As demographics shift and our population ages, the role of carers will become ever more prominent. We will soon reach a point in this country where half the population is aged over 50. We have a responsibility to ensure that unpaid carers are able to pursue a career alongside their caring role. Looking forward, this type of provision will become ever more critical—not least as we are telling people that they need to make provision for their own pension and social care as they get older—in determining how this country deals with our demographic shift.
Putting in place statutory leave for carers will, I think, be closely aligned with changing workplace cultures. I know that quite a few businesses now have enlightened workplace policies and offer their employees carer-friendly policies, including paid care leave—and they see the business benefits of doing that as well as the benefits for the individual. We are falling behind globally in this area. Such an approach to statutory care leave has already been shown to have tangible economic benefits in countries such as Poland and Japan. Will the Minister outline in her concluding remarks the Government’s position on statutory care leave and explain why it was absent from the carers action plan? Will she agree to meet me so that we can discuss this issue further?
I was glad to see that the carers action plan focused on ways to increase support for young carers. The recent Barnardo’s report, Still Hidden, Still Ignored: Who Cares for Young Carers?, found that many young carers struggle to cope with the amount of pressure placed on them, emotionally and academically. Over 50% of young carers asked said that being a carer had impacted negatively on their emotional and mental health, making them feel anxious and worried. Not only is the role of a young carer hard but, as the noble Baroness, Lady Redfern, said, many young carers do not self-identify as a carer and therefore remain hidden. This makes it difficult for councils to fulfil their legal duty to identify young carers and carry out assessments that consider the impact on both the child and the whole family. The last census put the number of young carers in this country at 170,000, yet according to research done by the BBC and the University of Nottingham, the real figure may be four times that. I am pleased, therefore, that the Government have committed to undertake a review into the identification of young carers. Will this review include an assessment of how the Children and Families Act 2014 and the Care Act 2014 have impacted on the identification of young carers?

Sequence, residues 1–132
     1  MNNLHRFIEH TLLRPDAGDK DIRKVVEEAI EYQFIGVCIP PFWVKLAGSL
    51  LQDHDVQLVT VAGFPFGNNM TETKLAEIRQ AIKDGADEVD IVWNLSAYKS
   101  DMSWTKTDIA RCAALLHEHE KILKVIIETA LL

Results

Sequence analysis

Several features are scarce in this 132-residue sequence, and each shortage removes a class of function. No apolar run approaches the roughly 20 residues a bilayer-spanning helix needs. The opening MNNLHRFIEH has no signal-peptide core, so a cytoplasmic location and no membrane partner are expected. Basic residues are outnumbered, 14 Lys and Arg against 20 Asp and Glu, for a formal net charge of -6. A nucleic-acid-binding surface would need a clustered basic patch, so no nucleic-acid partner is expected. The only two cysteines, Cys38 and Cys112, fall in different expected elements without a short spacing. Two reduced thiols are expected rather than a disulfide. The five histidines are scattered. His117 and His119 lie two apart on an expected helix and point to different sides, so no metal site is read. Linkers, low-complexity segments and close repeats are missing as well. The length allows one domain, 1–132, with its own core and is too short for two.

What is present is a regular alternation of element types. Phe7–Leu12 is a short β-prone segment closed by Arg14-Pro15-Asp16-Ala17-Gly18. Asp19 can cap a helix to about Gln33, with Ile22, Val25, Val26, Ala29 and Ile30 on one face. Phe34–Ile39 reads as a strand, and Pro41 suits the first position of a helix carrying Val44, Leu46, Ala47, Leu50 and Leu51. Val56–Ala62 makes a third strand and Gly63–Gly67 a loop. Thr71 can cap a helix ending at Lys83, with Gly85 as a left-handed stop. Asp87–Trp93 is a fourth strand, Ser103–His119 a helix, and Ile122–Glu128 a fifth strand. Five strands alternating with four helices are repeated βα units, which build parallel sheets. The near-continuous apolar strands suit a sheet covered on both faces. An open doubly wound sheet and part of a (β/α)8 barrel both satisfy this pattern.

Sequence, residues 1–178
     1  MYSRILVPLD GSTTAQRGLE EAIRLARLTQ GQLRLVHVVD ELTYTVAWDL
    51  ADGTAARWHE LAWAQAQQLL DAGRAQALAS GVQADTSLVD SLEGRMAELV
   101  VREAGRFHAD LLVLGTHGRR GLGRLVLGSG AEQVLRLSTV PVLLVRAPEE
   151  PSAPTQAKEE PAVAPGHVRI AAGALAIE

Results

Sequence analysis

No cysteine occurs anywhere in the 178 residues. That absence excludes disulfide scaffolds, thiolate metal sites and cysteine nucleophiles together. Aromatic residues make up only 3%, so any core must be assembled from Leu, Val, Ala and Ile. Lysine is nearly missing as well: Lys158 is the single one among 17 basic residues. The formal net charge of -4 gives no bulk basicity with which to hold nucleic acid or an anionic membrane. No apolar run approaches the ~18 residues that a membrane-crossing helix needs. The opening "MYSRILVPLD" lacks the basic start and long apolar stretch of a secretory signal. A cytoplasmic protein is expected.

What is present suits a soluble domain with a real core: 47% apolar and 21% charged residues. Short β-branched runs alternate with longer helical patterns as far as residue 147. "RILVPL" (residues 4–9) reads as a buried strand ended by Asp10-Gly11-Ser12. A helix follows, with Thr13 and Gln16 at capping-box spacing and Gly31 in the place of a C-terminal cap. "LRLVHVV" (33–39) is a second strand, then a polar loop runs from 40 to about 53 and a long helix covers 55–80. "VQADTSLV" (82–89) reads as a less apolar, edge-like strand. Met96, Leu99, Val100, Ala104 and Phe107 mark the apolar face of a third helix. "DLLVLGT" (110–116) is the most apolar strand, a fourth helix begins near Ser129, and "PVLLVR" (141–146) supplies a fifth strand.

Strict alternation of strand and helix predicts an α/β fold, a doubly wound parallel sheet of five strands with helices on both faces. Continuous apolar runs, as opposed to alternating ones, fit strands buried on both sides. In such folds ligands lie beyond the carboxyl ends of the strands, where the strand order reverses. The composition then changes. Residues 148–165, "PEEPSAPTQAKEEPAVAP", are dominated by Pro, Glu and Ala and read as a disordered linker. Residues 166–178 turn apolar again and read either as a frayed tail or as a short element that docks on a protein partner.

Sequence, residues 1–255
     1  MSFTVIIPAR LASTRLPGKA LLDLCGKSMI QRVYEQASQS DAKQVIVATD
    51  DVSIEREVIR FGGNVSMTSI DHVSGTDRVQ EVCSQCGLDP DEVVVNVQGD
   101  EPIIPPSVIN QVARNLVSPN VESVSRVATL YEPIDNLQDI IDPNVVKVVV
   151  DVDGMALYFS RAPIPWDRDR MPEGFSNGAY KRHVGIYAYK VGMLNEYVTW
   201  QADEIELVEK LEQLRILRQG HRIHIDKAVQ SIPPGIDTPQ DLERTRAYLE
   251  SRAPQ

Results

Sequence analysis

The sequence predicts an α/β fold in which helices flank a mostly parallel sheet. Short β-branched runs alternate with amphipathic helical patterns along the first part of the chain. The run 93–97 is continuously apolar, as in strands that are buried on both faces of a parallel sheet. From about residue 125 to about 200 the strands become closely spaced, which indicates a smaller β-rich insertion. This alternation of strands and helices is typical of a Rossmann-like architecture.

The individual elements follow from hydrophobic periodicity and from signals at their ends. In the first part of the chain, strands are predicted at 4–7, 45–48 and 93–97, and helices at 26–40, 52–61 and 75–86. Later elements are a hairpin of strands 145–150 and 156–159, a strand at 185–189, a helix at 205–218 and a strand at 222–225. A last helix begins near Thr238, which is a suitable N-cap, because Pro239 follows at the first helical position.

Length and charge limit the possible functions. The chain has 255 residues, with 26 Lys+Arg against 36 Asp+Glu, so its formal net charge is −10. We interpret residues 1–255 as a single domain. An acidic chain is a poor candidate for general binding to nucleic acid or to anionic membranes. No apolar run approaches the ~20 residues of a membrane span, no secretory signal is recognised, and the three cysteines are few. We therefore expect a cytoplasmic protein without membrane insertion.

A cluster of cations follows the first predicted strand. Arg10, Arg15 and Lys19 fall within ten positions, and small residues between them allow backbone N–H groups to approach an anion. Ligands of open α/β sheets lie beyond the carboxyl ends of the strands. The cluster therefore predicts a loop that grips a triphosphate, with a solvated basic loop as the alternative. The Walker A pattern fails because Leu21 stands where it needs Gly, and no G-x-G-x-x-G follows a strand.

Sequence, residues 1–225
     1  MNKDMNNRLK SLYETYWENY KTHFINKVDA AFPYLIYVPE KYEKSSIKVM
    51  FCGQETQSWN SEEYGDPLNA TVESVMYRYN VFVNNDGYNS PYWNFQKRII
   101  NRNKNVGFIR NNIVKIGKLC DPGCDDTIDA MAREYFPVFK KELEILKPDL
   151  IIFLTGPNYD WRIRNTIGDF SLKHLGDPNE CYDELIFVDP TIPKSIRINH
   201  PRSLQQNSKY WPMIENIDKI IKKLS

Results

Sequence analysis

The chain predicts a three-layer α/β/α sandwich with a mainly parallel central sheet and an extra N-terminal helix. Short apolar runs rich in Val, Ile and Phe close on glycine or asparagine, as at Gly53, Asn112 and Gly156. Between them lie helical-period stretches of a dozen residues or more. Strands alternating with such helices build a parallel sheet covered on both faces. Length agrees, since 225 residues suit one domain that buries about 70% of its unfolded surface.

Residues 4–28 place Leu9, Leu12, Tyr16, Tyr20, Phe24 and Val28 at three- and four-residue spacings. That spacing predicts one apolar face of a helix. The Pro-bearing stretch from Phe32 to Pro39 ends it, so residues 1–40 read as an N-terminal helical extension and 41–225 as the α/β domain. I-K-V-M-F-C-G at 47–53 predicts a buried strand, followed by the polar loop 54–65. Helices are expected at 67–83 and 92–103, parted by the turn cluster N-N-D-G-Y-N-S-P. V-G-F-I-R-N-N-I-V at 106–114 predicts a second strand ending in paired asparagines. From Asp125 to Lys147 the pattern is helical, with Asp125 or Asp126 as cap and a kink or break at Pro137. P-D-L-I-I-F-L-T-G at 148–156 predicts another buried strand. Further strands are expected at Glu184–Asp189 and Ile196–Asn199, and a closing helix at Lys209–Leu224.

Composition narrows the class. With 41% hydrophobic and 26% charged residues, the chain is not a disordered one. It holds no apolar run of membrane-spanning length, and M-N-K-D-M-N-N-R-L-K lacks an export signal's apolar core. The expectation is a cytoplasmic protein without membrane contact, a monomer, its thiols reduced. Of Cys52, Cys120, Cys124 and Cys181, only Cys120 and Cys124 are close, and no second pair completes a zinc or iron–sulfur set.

Finally, I will say a few words about funding. Adult social care is a vital council service that helps to transform people’s quality of life and supports carers of all ages with a range of different needs. It has been estimated that it will face a funding gap that will exceed £2 billion by 2020 unless an urgent solution is found. Indeed, a recent report from the King’s Fund estimated that £2.5 billion will be needed next year alone to keep adult social care afloat, ensure support for carers and ensure that those they care for do not get worse. The forthcoming social care Green Paper must deliver a sustainable solution that ensures the long-term future of social care and, ultimately, secures a future where carers and their families receive the right support, at the right time and in the most appropriate setting. It must also enable local authorities and the NHS to improve joined-up efforts to identify more carers and to offer them a proper carer assessment and plan, as well as the information, support and advice that they need.